I miss that. Indulge me.
Because it provides me with a certain level of schadenfreude, and because I love to flog dead horses, one last review disassembling Yann Martel’s Beatrice and Virgil, this one by John Crace in The Guardian.
So this summer, it looks like The Passage by Justin Cronin will be the bestselling behemoth. Why? Because everyone is telling you it will be. I don’t know friends, maybe I’m just not attending the right parties and aren’t talking to the right people, but I have no idea why this book has captured the force of the publishing marketing machine so much. I know it has vampires, and everyone is desperate to find the book that will sate the the demands of all the Twilight readers who have tried to find a suitable substitute, and I know Cronin’s gotta be a better than good writer, what with his MFA from the Iowa Writers Workshop and such, but why this book? I’m just curious to know the calculations that go into deciding what projects get the money tossed around. It also seems more and more, with new authors especially, that publishing is this ouroboros of marketing: like the post says, anymore the teaser trailer for a new author is the number of digits in his or her advance, which makes the project worthy of mainstream coverage, which creates a best seller. Leads to another whole re-examination of taste and quality that seems like I’ve discussed before, but may have fresh ammo for after listening to the hosts of Slate’s Culture Gabfest discuss why Stieg Larsson novels have become a global phenomenon.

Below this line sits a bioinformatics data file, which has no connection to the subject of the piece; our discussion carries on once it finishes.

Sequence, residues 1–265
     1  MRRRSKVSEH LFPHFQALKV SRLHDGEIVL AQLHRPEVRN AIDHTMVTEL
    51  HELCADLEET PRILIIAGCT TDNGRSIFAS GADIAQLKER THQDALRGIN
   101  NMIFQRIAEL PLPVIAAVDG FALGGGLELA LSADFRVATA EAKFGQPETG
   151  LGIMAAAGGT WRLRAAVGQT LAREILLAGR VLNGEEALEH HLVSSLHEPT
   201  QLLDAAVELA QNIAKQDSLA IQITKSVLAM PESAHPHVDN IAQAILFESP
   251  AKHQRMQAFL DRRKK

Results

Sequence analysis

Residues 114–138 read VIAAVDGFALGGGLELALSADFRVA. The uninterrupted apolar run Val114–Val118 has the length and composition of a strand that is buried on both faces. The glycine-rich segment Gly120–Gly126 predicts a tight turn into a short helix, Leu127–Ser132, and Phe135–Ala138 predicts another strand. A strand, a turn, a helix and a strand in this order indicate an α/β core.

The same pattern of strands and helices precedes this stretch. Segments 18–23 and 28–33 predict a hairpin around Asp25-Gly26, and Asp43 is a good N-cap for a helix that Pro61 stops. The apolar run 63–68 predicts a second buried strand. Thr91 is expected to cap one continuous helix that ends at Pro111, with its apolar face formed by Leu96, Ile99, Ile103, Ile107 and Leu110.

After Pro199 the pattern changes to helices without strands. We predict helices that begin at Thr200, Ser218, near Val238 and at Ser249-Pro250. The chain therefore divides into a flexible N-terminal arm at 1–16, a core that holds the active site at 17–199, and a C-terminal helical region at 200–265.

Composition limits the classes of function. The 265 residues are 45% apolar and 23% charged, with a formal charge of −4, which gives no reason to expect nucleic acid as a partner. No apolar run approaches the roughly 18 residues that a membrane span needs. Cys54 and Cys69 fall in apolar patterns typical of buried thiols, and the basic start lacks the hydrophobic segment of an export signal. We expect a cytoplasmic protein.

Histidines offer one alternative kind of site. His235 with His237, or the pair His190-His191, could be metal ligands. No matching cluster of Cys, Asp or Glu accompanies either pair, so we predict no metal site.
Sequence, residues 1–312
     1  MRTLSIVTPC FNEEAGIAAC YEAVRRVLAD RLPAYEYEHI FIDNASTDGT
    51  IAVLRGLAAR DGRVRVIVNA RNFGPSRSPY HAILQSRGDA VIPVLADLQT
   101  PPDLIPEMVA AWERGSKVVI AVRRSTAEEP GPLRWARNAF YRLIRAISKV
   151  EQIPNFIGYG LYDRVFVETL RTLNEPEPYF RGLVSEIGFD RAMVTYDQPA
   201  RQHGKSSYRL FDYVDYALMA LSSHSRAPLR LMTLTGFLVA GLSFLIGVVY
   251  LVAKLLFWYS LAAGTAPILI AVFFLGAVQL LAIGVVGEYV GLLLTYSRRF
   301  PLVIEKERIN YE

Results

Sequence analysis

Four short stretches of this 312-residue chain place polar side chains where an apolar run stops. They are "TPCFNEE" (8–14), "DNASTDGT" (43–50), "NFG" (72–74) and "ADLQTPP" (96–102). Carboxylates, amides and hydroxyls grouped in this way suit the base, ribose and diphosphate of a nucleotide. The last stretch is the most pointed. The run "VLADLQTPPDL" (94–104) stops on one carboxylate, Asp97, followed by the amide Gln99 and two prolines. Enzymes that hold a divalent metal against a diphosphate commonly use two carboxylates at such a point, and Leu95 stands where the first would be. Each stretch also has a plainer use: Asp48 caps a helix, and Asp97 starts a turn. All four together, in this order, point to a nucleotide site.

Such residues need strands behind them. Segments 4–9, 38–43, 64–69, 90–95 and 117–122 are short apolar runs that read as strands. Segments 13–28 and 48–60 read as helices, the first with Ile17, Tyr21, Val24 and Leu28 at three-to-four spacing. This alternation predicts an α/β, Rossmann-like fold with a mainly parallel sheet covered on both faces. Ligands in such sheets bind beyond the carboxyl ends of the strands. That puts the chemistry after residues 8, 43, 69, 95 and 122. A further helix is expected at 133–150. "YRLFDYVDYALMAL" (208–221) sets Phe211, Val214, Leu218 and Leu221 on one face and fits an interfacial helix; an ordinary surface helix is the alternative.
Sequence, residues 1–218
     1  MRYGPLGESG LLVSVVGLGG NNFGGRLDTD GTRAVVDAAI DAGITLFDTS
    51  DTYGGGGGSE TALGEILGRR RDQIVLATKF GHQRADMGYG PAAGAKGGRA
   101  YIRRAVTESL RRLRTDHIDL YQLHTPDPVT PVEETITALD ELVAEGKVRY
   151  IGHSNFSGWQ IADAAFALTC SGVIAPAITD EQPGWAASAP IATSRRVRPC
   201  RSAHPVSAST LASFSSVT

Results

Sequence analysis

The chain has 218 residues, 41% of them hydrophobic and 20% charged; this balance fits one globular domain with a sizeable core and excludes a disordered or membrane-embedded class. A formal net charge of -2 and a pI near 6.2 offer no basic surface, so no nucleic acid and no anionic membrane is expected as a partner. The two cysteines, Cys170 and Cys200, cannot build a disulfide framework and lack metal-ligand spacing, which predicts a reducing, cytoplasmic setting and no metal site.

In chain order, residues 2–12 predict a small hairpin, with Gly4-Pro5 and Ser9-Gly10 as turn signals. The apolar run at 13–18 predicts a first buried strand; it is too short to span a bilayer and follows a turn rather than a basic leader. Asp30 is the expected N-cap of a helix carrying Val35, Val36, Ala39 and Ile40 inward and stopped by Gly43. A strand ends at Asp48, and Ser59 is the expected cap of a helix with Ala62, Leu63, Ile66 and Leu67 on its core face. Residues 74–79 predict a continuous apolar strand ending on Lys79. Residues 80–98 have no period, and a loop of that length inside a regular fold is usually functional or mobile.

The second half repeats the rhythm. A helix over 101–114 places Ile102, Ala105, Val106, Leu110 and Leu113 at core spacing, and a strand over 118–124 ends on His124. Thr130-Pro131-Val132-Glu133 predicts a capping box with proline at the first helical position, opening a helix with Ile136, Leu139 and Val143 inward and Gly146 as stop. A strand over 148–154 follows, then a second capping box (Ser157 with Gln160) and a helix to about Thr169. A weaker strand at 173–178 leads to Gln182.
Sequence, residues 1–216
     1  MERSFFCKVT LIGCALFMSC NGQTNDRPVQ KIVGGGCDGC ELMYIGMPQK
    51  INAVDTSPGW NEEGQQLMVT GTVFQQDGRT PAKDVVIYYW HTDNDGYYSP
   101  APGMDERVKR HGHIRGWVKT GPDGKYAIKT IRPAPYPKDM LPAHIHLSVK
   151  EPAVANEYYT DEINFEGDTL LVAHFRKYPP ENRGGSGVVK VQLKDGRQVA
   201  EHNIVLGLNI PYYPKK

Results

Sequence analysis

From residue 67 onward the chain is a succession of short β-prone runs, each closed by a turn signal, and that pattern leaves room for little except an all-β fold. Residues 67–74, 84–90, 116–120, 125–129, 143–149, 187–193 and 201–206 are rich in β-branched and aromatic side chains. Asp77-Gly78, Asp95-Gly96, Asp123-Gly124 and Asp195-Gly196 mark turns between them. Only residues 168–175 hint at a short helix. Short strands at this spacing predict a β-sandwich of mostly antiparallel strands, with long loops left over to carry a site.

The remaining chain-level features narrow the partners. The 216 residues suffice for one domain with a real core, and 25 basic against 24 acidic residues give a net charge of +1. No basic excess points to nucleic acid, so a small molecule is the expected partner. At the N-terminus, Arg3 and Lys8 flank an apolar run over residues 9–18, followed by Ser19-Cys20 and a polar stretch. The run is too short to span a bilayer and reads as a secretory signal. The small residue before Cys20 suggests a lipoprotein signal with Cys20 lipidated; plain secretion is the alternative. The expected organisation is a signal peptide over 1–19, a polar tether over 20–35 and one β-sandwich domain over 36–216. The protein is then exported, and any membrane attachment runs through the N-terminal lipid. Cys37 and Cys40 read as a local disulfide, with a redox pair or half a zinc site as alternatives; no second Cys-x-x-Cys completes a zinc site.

Speaking of Stieg, the Swedish National Library discovered some manuscripts of Larsson’s sitting around the offices of a small press magazine, unpublished.
Because I’m a closet design nerd: Twenty-five iconic book covers [but don’t try to buy them, Abe Books is a rare editions dealer, so unless you want to pay $3,500 for that copy of Psycho…]
And, in the coolest development I’ve heard all week, a man named Nathan Dunne is starting a new literary journal featuring two stories about 20 minutes in length read by the authors, then pressed and distributed on vinyl records. Respect the ballsiness to pull such a deliberately retrograde maneuver in the dominant currents of the culture.